I’m the Sickle Cell and Thalassaemia Screening Lead at Northampton General Hospital and Kettering General Hospital. For the past year I’ve been on secondment as national project lead for the NHS Sickle Cell and Thalassaemia (SCT) Screening Programme.
I’ve been involved in a number of projects during that time, including the review and revision of 3 important national information leaflets:
- tests for fathers
- information and choices for women and couples at risk of having a baby with thalassaemia major
- information and choices for women and couples at risk of having a baby with sickle cell disease
We put a lot of work into this project over many months to make sure the leaflets meet the needs of women, men and couples at risk of having a baby with either sickle cell disease or thalassaemia major.
Back in March, we circulated the 3 existing versions of the leaflets widely to healthcare professionals and voluntary organisations, asking for their feedback via an electronic survey.
We followed this up with a day-long public focus group to discuss how we could improve the leaflets to clearly and concisely explain the potential choices for women and couples and the importance of testing for fathers.
As a result of all this hard work, we’re confident our new leaflets will help many women and couples up and down the country who are faced with difficult choices during pregnancy.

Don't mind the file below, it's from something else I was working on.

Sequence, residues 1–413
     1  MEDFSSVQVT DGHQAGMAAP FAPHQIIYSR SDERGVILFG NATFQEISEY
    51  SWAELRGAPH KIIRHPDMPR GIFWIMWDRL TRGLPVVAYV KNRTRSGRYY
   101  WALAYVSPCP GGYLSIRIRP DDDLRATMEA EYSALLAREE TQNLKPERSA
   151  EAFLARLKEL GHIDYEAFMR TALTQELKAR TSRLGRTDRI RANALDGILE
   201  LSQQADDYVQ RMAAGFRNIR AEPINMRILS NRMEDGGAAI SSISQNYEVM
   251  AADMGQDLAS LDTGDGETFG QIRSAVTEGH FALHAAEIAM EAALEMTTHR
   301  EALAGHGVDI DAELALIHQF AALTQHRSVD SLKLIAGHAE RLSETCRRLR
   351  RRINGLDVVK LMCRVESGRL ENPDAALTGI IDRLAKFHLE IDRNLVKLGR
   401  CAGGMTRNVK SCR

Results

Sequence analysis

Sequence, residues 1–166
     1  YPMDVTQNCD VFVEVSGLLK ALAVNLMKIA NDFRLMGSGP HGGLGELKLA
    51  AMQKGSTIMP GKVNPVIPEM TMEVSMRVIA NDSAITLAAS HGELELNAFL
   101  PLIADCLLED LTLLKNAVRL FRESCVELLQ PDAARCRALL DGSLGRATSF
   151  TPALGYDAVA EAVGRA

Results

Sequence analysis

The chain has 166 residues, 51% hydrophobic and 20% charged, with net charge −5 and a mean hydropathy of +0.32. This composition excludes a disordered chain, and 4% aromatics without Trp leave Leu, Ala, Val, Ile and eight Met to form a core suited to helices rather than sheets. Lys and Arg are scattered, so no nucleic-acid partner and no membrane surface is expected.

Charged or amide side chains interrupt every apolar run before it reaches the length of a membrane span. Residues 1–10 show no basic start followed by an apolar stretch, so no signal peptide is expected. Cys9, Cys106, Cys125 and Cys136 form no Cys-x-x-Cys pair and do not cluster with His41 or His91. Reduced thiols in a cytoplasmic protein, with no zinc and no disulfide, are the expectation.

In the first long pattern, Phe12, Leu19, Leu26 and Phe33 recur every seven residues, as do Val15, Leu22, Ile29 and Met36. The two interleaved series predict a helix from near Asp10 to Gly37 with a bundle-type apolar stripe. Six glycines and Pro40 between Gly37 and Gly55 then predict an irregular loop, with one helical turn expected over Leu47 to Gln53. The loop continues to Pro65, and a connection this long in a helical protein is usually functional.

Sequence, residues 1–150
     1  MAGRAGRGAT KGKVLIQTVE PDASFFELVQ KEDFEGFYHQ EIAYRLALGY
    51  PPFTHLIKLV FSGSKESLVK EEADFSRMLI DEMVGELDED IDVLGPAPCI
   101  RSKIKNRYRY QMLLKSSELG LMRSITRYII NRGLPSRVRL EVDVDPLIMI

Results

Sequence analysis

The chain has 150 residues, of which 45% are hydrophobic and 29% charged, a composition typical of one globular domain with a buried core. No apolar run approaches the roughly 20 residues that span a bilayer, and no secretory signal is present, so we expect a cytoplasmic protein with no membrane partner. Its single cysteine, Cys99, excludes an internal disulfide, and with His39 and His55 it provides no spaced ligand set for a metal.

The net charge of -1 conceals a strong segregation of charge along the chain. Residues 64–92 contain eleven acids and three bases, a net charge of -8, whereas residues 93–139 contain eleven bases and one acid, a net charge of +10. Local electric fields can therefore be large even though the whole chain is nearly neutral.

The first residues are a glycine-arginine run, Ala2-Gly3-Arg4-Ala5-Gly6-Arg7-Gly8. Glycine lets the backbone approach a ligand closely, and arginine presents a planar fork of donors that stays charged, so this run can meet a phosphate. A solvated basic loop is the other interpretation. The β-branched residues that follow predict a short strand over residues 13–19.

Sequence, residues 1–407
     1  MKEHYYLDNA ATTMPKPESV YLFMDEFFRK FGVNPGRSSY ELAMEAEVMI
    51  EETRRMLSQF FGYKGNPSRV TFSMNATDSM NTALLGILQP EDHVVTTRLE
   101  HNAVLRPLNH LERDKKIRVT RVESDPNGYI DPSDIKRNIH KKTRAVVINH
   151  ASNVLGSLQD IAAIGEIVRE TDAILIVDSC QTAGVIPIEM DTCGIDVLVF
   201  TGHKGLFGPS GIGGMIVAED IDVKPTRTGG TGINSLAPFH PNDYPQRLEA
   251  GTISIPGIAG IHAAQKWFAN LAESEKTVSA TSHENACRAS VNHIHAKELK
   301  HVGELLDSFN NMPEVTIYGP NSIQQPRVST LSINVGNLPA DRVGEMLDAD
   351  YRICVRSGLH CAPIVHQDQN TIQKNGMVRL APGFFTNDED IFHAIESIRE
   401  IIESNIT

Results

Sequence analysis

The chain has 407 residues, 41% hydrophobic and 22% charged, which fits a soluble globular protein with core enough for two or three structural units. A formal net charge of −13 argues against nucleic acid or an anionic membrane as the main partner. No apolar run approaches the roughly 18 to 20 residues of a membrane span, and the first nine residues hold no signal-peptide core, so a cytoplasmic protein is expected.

Local screening providers can order copies of all 3 information leaflets for free from GOV.UK.
To minimise waste, we’re going to use up the remaining stock of the old ‘Tests for Dads’ leaflet before printing our new ‘Tests for fathers’ leaflet.
My secondment has provided me with many challenges and I have enjoyed the experience of working for the national programme. It has been fascinating to see how guidelines and public information develop from initial conception to publication.
The national programme tries really hard to engage with stakeholders, care about what people say and use that knowledge to improve their products.
Working for PHE Screening has offered a real contrast to my clinical role, but at the same time it will enhance my practice when I return to the trusts full time.
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